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Should We Encourage Catholic Teens to Read Romance?

Romance remains a popular subgenre in the Young Adult market, but is reading romance healthy for adolescents? Some parents may be uncomfortable with their daughters or, less frequently, sons seeking out stories in which the main plot revolves around a romantic relationship.

Should Catholic Christians eschew these stories? Well, as a romance writer, I’d say it depends on the story.

Stories that include explicit sexual scenes, promote deviant forms of sexuality, or unhealthy relationships should be avoided. Explicit content is nearly synonymous with pornography and the mental images created in the reader’s mind will remain long after the story itself is forgotten. Glorification of behaviors and relationships that run counter to our faith and morality can also be damaging.

But what about stories that reflect the natural goods of romantic attraction and show the consequences of poor moral choices and harmful relationships? Stories that hit these notes can be enjoyable for readers, support Catholic morality, and help foster conversations about healthy, God-honoring relationships.

It’s natural for teens to take an interest in romance as they near adulthood. They may crave romantic attention or wonder what’s God’s plan for them is in terms of love and marriage. Novels that reflect the sweetness of first love and the virtue required to maintain relationships that respect both individuals and honor God give readers a model for their own relationships, helping them to see that that love and attraction are good and the pursuit of virtue is both real and possible.


Novels give readers an intimate look at the feelings, actions, and decision-making of lifelike characters, allowing them to explore the emotions and consequences of choices in a fictional environment. For most of us, we only get an inside look at a handful of romantic relationships, mainly our  parents’ relationship. What are healthy boundaries? What does jealousy and possessiveness look like? How about self-sacrificial love? What happens when you behave as if you’re married without the benefit of a sacramental marriage? How can I express the deep feelings I have in a way that is both genuine and appropriate to my state in life? What conversations should I have with my boyfriend/girlfriend that ensure we share the same goals and parameters for our relationship? What are the natural consequences of possessiveness, abusive behaviors, or pressuring a girlfriend/boyfriend to do something they’re uncomfortable with?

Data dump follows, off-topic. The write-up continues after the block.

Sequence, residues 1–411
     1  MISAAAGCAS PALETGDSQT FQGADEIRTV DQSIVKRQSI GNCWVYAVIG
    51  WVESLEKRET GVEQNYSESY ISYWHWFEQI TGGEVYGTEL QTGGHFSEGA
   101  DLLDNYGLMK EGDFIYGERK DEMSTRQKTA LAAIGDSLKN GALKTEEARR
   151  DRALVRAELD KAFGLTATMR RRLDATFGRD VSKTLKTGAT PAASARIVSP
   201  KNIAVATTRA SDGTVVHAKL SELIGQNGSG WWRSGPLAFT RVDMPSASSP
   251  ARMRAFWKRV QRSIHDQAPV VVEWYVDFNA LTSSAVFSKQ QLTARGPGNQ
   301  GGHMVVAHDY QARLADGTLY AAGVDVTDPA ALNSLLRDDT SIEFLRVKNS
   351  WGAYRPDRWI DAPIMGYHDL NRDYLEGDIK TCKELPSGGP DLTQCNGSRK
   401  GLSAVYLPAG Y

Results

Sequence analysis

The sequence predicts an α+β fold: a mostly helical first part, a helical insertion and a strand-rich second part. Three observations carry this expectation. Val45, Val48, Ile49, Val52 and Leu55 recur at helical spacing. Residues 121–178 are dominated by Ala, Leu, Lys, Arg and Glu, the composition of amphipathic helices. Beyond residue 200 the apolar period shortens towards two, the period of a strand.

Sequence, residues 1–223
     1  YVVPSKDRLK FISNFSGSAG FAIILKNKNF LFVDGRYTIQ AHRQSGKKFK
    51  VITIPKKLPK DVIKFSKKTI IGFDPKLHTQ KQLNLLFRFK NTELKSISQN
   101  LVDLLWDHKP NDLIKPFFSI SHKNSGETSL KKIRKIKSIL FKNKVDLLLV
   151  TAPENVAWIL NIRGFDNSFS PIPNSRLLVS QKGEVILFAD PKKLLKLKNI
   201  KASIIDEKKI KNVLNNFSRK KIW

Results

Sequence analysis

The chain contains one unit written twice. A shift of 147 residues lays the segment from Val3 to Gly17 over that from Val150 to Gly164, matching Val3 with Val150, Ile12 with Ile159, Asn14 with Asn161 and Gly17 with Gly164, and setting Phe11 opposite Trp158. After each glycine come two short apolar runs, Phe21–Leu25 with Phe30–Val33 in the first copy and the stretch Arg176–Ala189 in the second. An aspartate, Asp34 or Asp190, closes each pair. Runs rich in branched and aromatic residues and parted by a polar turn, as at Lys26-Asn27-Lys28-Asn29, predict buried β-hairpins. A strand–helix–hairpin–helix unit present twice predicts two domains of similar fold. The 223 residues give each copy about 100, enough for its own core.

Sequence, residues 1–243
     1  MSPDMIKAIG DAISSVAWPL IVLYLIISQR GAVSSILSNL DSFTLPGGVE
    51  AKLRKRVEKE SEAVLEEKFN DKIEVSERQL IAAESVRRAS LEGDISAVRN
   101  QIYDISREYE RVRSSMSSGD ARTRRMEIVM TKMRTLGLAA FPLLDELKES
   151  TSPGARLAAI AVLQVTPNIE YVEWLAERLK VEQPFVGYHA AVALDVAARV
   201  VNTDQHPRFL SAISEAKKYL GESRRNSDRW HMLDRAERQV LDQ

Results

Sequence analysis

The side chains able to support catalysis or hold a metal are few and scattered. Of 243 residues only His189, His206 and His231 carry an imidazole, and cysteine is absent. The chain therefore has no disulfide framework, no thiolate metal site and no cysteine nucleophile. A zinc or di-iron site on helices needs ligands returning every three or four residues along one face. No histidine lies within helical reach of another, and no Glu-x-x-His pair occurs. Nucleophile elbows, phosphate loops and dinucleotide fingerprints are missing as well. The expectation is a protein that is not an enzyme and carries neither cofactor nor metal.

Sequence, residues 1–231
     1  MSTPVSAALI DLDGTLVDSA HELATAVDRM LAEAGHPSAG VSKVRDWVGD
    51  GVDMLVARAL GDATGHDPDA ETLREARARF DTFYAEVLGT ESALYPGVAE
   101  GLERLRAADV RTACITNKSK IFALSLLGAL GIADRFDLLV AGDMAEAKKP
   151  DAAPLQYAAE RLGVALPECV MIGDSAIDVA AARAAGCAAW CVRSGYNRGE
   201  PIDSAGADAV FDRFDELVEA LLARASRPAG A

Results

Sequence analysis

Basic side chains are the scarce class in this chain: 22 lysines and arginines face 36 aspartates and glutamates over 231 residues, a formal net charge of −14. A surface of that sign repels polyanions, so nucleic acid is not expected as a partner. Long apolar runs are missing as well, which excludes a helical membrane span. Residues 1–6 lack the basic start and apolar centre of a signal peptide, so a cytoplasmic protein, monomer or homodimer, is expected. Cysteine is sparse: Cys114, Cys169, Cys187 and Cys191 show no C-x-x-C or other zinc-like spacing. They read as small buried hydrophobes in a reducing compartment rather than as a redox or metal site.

Romantic love should also point us to the unfailing, unwavering, all-consuming love of God for each of us. What is it that attracts us to love stories? For me, it is both the weak-kneed, heart-pounding attraction and excitement of new love as well as the tender, self-sacrificial gift of self in true love.

There’s a will-they, won’t-they characteristic of romances that has us on the edge of our seats, waiting for that moment when the characters have overcome every obstacle--interior feelings and dispositions as well as external hurdles, allowing them to come together and profess their feelings for one another. The attraction is palpable and their separation seems a tragic impossibility. Does that kind of love remind us of the epic love God has for us? A love that drives His pursuit of us no matter how we may try to escape Him? A love so great that He would sacrifice His only Son so that we could be together forever?

A mature love points us to the love of God in many ways, including its faithful, lifegiving nature. It’s a relationship that is reliant on grace and the practice of virtue. It is sustained through a lifelong pursuit with natural ups and downs, including seeking and offering forgiveness. It is a determined pursuit of eternal union.

Reading the right kind of romance offers teens an inside look at the joys and challenges of romantic love in a safe environment, where they can explore the virtues and vices that affect our intimate relationships and ultimately point us to the love of God.

Catholic Teen Books offers a variety of books that illuminate the joys and challenges of romantic relationships either as a subplot or the main plot, often alongside a mystery, historical event, or challenging situation. You’ll find them listed as a subgroup here, but similar themes are also present in other novels.

Refer to content guides for details on the nature of romantic relationships as some novels include appropriate treatment of sexuality for more mature teens in terms of Catholic morality and St. John Paul II’s Theology of the Body.


About the author: Carolyn Astfalk resides with her husband and four children in Hershey, Pennsylvania, where it smells like either chocolate or manure, depending on wind direction. She is the author of the contemporary Catholic romances Stay With Me, Come Back to Me, Ornamental Graces, and All in Good Time, and the coming-of-age story Rightfully Ours. Carolyn is a member of the Catholic Writers Guild, Catholic Teen Books, Pennwriters, and is a contributor. True to her Pittsburgh roots, she still says “pop” instead of “soda,” although her beverage of choice is tea.

Photo by Tirachard Kumtanom at

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